Leaving Killarney on Friday night, the drive still clocks over two hours along narrow and twisting roads, much if not nearly all spent in complete solitude, not meeting other traffic or passing many houses.
By the time I turn right at Ardgroom Village, the sun has long since passed over the horizon, but head torch at the ready, camp was made for the night. Walking distance to rally stage: 25 feet.
While this style of spectating may be a little hardcore – especially with a rather small hatchback as opposed to an estate or van – it’s the sense of adventure that I adore.
Waking up, having been startled from my uncomfortable slumber by the stage setup crew, the view out the windscreen was unlike anything any hotel (certainly within my budget) could offer. Sun rising over the Atlantic Ocean and a full field of rally cars due within a few hours – not much can beat that on a Saturday morning.
The first echo of an exhaust is a moment I cherish every time I go out to watch motorsport, and the oncoming blur of a Fiesta clipping along the most stunning scenery is right there with the epitome of a perfect spectacle. The sun came out to make it even better.
The beauty of rallying is that the spectacle you can expect to experience is a complete lottery. Seeing every car is far from guaranteed, as the early stages are notorious for claiming victims not up to rally speed from the off.
First running of the stage goes well until an accident blocks the road, but well over 100 cars have passed at this point. Wait over, back in position and ready for the second pass, only two cars arrive before word spreads of another blockage. That’s rallying.
With my day’s schedule now all out the window, and having not made the final stage of the day in time before the road was closed to traffic, I had to improvise. While not as action-packed as standing at a quick corner, the atmosphere around the start line was palpable.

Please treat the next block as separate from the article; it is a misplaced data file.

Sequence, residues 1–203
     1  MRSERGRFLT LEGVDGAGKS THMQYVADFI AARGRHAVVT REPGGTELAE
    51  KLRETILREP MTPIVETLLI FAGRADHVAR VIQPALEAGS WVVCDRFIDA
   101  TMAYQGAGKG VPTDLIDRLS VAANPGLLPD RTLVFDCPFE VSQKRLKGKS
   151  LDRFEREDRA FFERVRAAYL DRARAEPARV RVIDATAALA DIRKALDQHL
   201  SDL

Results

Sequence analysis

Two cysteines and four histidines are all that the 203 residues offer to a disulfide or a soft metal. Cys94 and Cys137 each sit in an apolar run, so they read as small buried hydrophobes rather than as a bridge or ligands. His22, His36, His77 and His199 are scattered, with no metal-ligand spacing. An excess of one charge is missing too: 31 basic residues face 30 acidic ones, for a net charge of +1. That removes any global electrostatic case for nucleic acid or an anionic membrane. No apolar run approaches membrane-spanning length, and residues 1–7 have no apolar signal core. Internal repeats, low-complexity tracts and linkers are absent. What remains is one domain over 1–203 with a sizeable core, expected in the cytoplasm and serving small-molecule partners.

All around, crews made their own final preparations. Some took a moment to grab some air and clear their heads, while others took an opportunity to run through the first few notes that would be fired at the driver at full speed in a matter of minutes.
Weary, tired and exhausted, there was only eight further kilometres of technical, twisty asphalt that lay between the crews and completing day one. As the clock ticked on, cars began to edge forward ready to launch down the narrow, tree-lined laneway of Killmickalogue.
Tired, sunburnt, and knowing another full day of action lay ahead, I skipped out on a few organised meets around town and instead made routes towards my second planned overnight location.
While on a bit of a reconnaissance mission the week before the event, a particular spot on the iconic Molls Gap stage caught my eye, mainly as it was a point I don’t remember seeing photos from before.
What I didn’t expect is that it would be an absolute stunner of a spot to watch that evening’s sunset from.The Stars
While all the cut-throat business of swapping tenths of seconds over the stages was going on, and well after the leading cars had passed over the route, a final bunch of cars tipped away at the back of the field for much of the weekend.
Timing gear turned off, the Killarney Rally Fest crews were most definitely not out to set the world alight, although anyone who caught the spectacle was most certainly all the better for the experience.
Incorporated as a way to celebrate the 40th anniversary of the event, the Rally Fest was focused on bringing star cars back out onto the stages, although the biggest attraction for many was a local sitting behind the wheel of a Mk2 Ford Escort.
Academy Award nominee actors rank pretty high among the Hollywood elite, and Michael Fassbender sits right up there with the A-list heavy hitters. The star of X-Men, 12 Years a Slave and others, it was a surprising announcement that he would drive at this year’s Rally of the Lakes, and also act as an event ambassador.
Having grown up in Killarney, it made sense for the petrol-headed star to take on his home patch.